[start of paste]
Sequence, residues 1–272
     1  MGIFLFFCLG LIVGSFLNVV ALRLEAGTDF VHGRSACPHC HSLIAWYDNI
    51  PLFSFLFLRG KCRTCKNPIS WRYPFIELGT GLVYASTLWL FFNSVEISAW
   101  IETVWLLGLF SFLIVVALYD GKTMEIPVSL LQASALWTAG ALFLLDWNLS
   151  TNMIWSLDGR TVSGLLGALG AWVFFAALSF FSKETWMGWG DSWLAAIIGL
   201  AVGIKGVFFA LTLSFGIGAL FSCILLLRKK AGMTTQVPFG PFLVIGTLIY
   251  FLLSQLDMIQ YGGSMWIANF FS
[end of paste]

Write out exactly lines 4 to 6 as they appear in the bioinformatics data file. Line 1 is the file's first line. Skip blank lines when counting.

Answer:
   101  IETVWLLGLF SFLIVVALYD GKTMEIPVSL LQASALWTAG ALFLLDWNLS
   151  TNMIWSLDGR TVSGLLGALG AWVFFAALSF FSKETWMGWG DSWLAAIIGL
   201  AVGIKGVFFA LTLSFGIGAL FSCILLLRKK AGMTTQVPFG PFLVIGTLIY